“He had four or five felonies that he amassed in January when we took the gun from him. He is a very dangerous, hardened criminal,” Judd said during the press conference. “I don’t care what his chronological age is. When you shoot at a police officer, you bought yourself a long time in state prison as soon as we convict him … This is serious business. He entered into adult criminal activity and we’re going to treat it like an adult doing violent felonious criminal activity.”
Taylor said they were looking into whether Dalmas was in a gang or had been labeled already as a gang member.
“We’re working on that right now. There is some indication that that is that is exactly — either a gang member or an associate,” Taylor said. “That’s probably going to be the case, yes.”
Judd said Dalmas and the other two suspects went to Simpson Park looking for someone specific to shoot.
“They’re looking for a guy to shoot him up, they apparently find him and do a drive-by shooting,” Judd said.
Judd created a county-wide gang task force last year after a sharp rise in drive-by shootings. According to a list provided by the Polk County Sheriff’s Office, in 2017, there were two drive by shootings in the entire county. In 2020, the amount spiked to 49, with 20 of those in Lakeland alone. Last year, there were 59, with 24 in Lakeland.
Judd and the Polk County Sheriff’s Office were called in to be the lead agency in the investigation as part of an incident task force. The agency involved in the shooting cannot investigate it, Judd explained. Law enforcement officers from the sheriff’s office, the Auburndale Police Department, the Lakeland Police Department and Haines City Police Department are a part of that task force.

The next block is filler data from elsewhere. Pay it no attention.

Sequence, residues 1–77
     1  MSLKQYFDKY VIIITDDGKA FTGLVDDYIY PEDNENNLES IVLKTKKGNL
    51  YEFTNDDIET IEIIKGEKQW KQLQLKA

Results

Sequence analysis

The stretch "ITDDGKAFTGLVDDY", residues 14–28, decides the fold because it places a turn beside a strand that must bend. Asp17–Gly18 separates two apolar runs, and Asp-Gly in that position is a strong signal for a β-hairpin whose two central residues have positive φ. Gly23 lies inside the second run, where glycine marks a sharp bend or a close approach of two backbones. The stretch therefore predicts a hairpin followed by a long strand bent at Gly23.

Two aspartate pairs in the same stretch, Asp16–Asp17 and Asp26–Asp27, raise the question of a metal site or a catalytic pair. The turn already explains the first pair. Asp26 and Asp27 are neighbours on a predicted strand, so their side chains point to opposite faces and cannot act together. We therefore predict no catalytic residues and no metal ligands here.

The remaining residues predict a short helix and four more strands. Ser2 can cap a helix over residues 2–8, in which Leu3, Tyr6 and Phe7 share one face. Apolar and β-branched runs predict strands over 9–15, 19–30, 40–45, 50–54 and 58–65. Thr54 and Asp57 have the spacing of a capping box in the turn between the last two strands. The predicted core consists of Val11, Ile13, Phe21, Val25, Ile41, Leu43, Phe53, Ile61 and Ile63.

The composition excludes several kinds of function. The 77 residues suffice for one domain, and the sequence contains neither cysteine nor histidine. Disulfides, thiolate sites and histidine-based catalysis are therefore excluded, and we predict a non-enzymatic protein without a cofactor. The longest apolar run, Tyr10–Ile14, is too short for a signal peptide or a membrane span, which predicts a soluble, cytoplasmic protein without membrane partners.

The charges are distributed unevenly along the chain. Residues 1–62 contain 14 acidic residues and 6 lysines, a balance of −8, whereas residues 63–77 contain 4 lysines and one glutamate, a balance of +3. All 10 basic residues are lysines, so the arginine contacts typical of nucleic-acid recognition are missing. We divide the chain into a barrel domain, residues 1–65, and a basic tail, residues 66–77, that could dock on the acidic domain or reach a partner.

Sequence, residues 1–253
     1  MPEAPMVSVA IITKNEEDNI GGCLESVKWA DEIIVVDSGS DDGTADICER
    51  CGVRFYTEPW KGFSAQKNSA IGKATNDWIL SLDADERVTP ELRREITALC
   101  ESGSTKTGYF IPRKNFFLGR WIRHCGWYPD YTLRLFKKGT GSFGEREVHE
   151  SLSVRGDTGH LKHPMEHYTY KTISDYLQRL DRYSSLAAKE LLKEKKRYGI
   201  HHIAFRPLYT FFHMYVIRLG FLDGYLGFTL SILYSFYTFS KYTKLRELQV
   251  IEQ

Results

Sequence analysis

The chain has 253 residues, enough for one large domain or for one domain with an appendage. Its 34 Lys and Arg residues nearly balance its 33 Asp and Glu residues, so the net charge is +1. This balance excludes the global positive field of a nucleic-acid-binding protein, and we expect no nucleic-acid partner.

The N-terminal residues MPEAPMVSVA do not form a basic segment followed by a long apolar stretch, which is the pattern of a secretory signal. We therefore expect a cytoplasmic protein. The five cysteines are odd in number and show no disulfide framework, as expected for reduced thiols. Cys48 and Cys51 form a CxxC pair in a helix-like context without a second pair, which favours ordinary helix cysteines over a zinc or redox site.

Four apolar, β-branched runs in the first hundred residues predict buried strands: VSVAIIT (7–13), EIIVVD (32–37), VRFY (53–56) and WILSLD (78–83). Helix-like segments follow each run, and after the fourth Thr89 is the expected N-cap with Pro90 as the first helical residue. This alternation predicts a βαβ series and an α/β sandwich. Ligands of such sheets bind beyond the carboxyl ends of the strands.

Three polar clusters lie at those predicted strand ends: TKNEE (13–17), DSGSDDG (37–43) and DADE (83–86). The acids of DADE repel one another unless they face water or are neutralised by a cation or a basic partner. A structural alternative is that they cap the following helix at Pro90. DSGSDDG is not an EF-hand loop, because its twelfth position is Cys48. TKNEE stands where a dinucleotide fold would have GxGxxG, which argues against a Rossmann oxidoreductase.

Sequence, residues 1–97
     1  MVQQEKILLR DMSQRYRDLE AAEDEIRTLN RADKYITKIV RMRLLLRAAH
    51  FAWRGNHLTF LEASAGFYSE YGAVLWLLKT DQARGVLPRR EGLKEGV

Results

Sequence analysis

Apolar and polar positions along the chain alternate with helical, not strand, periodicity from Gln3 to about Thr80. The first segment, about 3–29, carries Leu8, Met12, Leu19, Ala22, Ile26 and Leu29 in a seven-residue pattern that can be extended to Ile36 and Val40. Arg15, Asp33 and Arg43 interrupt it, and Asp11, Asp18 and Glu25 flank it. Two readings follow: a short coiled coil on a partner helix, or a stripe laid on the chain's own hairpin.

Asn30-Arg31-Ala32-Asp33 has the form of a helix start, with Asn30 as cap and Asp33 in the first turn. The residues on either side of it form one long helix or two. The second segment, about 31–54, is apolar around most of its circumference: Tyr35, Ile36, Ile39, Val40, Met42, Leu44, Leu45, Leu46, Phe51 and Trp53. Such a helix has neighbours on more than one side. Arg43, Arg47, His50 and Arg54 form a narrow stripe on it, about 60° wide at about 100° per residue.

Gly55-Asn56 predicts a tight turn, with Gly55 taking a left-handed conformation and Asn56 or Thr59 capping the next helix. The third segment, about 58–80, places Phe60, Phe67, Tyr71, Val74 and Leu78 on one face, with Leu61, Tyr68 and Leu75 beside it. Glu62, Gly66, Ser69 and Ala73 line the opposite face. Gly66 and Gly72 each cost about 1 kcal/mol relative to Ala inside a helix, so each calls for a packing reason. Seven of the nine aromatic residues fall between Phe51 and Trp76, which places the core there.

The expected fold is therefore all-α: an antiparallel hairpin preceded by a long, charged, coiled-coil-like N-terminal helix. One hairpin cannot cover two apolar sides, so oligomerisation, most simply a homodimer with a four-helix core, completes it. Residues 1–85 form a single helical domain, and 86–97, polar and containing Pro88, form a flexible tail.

Judd and Taylor praised Smith’s actions. Taylor said if Dalmas had been allowed to run off, he could have entered an apartment and held someone hostage or worse.
“That law enforcement officer risked his life tonight to make sure this community is safe,” Judd said.
Taylor said Dalmas was hit in the legs and had non-life-threatening injuries.
“Last we heard that he was gonna be treated and released, actually, so they were not serious injuries,” Taylor said.
Smith’s colleagues gave him first aid, put him in the back of a police car and drove him to Lakeland Regional Medical Center, where he currently is being treated. Taylor said they expected him to be released within the next several days.
Judd and Taylor cited body camera and squad car camera footage as they described the chase. Judd has stubbornly refused to equip his deputies with body cameras, while Lakeland Police has given them to officers beginning in December as part of an effort to deepen trust with the community. When LkldNow asked Judd if he would say the cameras helped in this case, he gave the kind of answer for which Judd has become famous.
“This investigation could have been solved by Helen Keller without any video,” Judd said. “We had an officer right there that saw it all. We had backup officers that saw it all, that engaged also engaged in the firefight. You know this is a slam dunk case by any stretch of the imagination. With cameras, without cameras, with your eyes closed or your eyes open.”